your family got by. From all the articles you´ve posted I can see the simple life has not hurt much.
    We really have not come down from our cost of living in Florida. A lot more than $1000 per month.
    At the job site the workers would call me a “pelucon” except for respect they call me jefe. . . and
    sometimes ask for a loan. I do help sometimes.
    Wish you all the best,

  11. Hello,
    I have been following all of your blogs for several months. Although I’m still teaching ESL at a local community college, I am contemplating retirement in the next 2 years. I wonder — how is the wine in Ecuador? Are there any college/univ. teaching opportunities part-time or are those prohibited if not with the proper visa? How can I find if my medications are available in a particular area (could I write to a particular hospital, for instance)? What areas do you recommend for someone who cannot tolerate the tropical heat year round? I enjoy the lake, mountains, temperature climate, a cultural experience every day. I have lived in 4 different countries and traveled to many as an ESL/EFL instructor. I so enjoy your blogs! Thank you much.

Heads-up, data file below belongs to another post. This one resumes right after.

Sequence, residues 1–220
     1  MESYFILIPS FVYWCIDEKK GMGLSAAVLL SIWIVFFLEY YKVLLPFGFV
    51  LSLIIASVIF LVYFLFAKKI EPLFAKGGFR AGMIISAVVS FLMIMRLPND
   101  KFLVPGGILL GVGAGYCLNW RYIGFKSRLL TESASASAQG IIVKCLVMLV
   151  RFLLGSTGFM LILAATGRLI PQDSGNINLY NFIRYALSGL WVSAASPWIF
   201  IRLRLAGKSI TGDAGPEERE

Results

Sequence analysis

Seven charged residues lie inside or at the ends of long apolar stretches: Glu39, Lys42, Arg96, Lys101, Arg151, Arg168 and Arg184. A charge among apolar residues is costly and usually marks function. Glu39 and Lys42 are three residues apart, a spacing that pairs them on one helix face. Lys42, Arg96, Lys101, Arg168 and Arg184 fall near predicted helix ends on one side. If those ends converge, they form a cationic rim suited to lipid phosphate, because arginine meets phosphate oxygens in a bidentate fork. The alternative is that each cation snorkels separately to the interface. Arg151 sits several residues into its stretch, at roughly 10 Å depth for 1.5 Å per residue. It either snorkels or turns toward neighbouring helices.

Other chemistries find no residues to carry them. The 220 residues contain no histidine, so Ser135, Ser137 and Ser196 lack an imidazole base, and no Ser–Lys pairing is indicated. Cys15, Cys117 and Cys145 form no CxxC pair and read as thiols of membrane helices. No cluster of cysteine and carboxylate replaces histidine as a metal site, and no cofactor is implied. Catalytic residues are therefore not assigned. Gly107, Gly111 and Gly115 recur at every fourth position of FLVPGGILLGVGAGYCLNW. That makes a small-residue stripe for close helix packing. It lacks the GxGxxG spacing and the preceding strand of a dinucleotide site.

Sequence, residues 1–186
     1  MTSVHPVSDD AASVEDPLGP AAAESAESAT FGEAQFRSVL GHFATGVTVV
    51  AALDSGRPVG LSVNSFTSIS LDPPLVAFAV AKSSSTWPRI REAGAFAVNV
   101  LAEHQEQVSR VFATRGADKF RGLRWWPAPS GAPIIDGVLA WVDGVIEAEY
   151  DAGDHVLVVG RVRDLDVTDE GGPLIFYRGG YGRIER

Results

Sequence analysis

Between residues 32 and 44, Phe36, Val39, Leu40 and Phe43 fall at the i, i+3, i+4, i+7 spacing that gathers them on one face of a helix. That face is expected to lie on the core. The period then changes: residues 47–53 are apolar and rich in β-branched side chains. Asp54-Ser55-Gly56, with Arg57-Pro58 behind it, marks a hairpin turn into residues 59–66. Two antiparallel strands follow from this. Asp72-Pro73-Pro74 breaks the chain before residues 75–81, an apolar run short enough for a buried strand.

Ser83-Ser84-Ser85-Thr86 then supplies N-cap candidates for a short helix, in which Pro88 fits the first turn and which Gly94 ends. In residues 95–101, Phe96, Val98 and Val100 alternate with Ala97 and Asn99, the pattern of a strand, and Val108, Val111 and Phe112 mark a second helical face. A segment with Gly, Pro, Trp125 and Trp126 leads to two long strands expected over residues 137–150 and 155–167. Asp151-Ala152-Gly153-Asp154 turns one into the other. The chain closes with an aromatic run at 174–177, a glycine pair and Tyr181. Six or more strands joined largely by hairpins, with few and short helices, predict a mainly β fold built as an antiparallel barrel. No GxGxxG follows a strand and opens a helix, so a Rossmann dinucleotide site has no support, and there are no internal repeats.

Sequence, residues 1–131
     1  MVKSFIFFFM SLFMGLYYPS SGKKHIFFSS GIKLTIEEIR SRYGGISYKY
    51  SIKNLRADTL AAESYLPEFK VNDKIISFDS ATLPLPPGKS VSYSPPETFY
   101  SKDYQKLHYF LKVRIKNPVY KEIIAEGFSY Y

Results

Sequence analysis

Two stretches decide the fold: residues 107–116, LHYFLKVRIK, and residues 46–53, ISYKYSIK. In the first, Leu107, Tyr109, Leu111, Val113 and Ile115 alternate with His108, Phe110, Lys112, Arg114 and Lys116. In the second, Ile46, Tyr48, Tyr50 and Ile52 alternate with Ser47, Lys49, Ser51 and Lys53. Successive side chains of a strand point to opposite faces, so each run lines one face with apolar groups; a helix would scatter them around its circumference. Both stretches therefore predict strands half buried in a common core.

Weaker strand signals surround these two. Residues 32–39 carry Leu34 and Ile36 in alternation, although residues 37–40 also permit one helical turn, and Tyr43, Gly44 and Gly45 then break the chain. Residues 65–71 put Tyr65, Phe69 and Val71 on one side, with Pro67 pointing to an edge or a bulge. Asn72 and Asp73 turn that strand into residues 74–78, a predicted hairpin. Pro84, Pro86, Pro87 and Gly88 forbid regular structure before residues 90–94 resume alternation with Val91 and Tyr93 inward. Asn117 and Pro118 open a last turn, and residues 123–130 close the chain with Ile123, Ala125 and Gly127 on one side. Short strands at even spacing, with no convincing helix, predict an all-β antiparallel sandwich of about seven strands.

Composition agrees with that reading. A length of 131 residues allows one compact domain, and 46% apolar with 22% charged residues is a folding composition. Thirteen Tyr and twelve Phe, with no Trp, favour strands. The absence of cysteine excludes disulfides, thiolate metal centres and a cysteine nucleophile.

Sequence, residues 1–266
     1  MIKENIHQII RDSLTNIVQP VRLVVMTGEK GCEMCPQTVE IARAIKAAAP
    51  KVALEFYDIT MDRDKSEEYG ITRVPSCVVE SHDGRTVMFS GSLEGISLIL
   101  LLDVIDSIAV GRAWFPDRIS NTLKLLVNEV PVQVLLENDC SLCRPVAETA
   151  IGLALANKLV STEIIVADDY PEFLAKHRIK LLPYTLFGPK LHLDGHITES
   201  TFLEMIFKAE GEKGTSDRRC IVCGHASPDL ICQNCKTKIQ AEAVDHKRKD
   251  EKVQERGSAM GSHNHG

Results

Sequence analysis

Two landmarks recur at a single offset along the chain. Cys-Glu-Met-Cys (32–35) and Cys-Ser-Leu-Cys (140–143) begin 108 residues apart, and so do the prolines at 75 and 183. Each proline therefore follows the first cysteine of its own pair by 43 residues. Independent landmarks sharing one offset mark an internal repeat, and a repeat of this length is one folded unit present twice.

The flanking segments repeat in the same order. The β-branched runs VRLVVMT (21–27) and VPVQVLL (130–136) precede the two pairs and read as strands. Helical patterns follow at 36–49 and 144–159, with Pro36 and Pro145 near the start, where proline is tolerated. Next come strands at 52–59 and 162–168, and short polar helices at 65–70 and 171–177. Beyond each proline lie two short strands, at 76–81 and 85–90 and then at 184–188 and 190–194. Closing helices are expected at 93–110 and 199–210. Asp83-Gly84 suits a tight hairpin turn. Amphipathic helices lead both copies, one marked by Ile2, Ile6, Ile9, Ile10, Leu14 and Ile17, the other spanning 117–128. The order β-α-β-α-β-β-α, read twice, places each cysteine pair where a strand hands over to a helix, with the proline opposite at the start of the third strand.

Judi in VA

  12. Hello Bryan,
    My wife and I are considering a move to Ecuador for retirement. We would like to live outside the city in an area with warm climate 60 to 80 degrees (we are very cold-natured). Do you know which provinces would have that type of climate? We would like to do some of our own tropical gardening. Do you know if they rent country homes, and if they have electricity and running water? We have been doing some research, and have discovered that some of the provinces have a cool spring climate and others are prone to flooding. We would appreciate any information that you can share. Thank you for your very informative site.